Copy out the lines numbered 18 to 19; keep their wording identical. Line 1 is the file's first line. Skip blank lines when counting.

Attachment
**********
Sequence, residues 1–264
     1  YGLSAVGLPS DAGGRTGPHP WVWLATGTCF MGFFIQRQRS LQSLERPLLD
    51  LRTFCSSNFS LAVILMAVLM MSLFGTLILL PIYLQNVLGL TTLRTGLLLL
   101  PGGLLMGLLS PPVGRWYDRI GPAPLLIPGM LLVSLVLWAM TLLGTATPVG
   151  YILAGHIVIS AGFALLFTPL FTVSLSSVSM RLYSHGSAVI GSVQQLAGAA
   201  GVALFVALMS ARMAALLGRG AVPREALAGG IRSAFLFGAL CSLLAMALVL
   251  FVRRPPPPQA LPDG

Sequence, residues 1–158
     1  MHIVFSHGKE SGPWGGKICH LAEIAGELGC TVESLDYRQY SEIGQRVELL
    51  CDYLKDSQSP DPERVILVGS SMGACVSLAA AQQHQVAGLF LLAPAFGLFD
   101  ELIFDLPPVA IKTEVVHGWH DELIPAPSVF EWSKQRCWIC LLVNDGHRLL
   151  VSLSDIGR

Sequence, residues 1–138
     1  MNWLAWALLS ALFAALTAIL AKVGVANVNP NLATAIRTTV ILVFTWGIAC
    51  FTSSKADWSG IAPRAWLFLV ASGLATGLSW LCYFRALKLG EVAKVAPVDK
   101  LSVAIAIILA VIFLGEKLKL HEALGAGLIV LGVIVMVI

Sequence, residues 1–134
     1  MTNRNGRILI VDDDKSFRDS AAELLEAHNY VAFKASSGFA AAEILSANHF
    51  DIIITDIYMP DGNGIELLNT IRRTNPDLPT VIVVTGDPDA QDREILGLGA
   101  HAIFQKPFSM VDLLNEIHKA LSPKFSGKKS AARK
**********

     1  MTNRNGRILI VDDDKSFRDS AAELLEAHNY VAFKASSGFA AAEILSANHF
    51  DIIITDIYMP DGNGIELLNT IRRTNPDLPT VIVVTGDPDA QDREILGLGA